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Ender's Game

Ender's Game


Ender's Game

оценки:
4.5/5 (450 оценки)
Длина:
11 часов
Издатель:
Издано:
1 апр. 2004 г.
ISBN:
9781593974756
Формат:
Аудиокнига

Описание

The war with the Buggers has been raging for a hundred years, and the quest for the perfect general has been underway for almost as long. Enter Andrew "Ender" Wiggin, the result of decades of genetic experimentation.

Is Ender the general Earth so desperately needs? The only way to find out is to throw him into ever-harsher training at Battle School, to chip away and find the diamond inside, or destroy him utterly. Ender Wiggin is six years old when his training begins. He will grow up fast.

But Ender is not the only result of the experiment. His two older siblings, Peter and Valentine, are every bit as unusual as he is, but in very different ways. Among the three of them lie the abilities to remake a world. If, that is, the world survives.

This Special 20th Anniversary Edition of the Hugo and Nebula Award-winning classic is now digitally remastered with a full cast production. It also contains an exclusive bonus: an original postscript written and recorded by the author himself, Orson Scott Card!

A Macmillan Audio production.

Издатель:
Издано:
1 апр. 2004 г.
ISBN:
9781593974756
Формат:
Аудиокнига

Об авторе

Orson Scott Card is best known for his science fiction novel Ender's Game and its many sequels that expand the Ender Universe into the far future and the near past. Those books are organized into the Ender Saga, which chronicles the life of Ender Wiggin; the Shadow Series, which follows on the novel Ender's Shadow and is set on Earth; and the Formic Wars series, written with co-author Aaron Johnston, which tells of the terrible first contact between humans and the alien "Buggers." Card has been a working writer since the 1970s. Beginning with dozens of plays and musical comedies produced in the 1960s and 70s, Card's first published fiction appeared in 1977--the short story "Gert Fram" in the July issue of The Ensign, and the novelette version of "Ender's Game" in the August issue of Analog. The novel-length version of Ender's Game, published in 1984 and continuously in print since then, became the basis of the 2013 film, starring Asa Butterfield, Harrison Ford, Ben Kingsley, Hailee Steinfeld, Viola Davis, and Abigail Breslin. Card was born in Washington state, and grew up in California, Arizona, and Utah. He served a mission for the LDS Church in Brazil in the early 1970s. Besides his writing, he runs occasional writers' workshops and directs plays. He frequently teaches writing and literature courses at Southern Virginia University. He is the author many science fiction and fantasy novels, including the American frontier fantasy series "The Tales of Alvin Maker" (beginning with Seventh Son), and stand-alone novels like Pastwatch and Hart's Hope. He has collaborated with his daughter Emily Card on a manga series, Laddertop. He has also written contemporary thrillers like Empire and historical novels like the monumental Saints and the religious novels Sarah and Rachel and Leah. Card's work also includes the Mithermages books (Lost Gate, Gate Thief), contemporary magical fantasy for readers both young and old. Card lives in Greensboro, North Carolina, with his wife, Kristine Allen Card. He and Kristine are the parents of five children and several grandchildren.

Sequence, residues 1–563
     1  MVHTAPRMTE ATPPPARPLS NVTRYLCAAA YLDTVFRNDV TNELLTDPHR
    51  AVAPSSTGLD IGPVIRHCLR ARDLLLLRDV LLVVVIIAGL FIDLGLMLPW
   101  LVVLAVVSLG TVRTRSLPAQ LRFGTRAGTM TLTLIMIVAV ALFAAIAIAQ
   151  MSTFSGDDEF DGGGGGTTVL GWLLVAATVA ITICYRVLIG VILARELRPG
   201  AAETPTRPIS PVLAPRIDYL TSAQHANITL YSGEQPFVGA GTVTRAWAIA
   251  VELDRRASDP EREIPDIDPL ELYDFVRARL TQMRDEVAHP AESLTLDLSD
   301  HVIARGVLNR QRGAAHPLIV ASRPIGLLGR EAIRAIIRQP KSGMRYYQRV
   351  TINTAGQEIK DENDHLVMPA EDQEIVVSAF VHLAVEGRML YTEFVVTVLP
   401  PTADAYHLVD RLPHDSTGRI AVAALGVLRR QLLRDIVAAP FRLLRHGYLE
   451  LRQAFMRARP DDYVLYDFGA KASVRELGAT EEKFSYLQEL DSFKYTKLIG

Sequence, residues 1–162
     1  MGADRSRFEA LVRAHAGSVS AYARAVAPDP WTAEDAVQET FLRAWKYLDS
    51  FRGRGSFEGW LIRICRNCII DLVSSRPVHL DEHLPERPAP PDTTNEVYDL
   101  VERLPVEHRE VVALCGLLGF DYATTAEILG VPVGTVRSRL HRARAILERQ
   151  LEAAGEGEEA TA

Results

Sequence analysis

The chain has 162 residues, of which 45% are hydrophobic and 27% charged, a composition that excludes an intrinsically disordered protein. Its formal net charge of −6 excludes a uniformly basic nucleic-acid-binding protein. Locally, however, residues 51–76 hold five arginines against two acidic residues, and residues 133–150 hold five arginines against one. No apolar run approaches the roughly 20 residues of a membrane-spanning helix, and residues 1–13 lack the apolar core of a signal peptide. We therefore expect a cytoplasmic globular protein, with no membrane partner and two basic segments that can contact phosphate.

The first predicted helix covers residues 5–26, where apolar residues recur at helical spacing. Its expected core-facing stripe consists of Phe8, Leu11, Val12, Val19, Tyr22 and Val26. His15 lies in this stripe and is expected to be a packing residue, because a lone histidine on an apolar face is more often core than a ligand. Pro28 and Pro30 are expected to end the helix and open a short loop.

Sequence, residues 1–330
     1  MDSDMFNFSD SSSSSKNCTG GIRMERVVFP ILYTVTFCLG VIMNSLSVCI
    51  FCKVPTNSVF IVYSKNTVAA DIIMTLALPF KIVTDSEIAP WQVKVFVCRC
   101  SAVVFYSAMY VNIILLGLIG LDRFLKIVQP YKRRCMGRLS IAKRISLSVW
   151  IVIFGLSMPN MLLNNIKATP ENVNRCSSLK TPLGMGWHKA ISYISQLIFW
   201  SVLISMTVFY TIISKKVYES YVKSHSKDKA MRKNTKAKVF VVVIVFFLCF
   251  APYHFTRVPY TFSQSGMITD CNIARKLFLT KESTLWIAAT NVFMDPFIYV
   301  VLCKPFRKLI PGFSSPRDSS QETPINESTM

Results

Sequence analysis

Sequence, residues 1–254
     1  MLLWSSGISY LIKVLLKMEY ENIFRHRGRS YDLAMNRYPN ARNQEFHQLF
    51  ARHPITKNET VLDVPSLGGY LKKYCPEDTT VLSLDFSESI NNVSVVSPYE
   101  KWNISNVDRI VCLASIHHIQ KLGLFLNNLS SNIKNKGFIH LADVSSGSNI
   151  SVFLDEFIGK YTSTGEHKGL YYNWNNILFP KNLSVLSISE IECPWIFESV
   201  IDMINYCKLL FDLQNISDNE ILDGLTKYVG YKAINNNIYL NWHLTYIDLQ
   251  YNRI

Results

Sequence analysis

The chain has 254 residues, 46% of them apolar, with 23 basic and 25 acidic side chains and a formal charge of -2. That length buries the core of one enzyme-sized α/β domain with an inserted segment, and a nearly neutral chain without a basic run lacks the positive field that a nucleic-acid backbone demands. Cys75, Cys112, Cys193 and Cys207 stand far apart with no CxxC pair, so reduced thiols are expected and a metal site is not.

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4.5
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  • (5/5)
    A book that has changed my life, which seems cliche but is so very true.
  • (5/5)
    The book is great. But honestly, the very last few minutes of the audio book was my favorite part. “The game is Real.”?
  • (5/5)
    This book opened up the world of sci-fi for me. I’ve read it at 20x if not more. Orson Scott Card has a gift of insight into motivations that make up our humanity. This book is more than science fiction, he’s done such a great job at capturing the heart of human behavior.
  • (5/5)
    Wow this book was amazing! I think it's a great book for young leaders to read to learn that there isn't one way that's right.
  • (5/5)
    Very good story. I listened to the audiobook and the only negative thing I could say about the audio version is that there are to many different narrators. Otherwise this is a great story, great layout, has good surprises, everything is a recommend. In my top 5 of my all time favorites.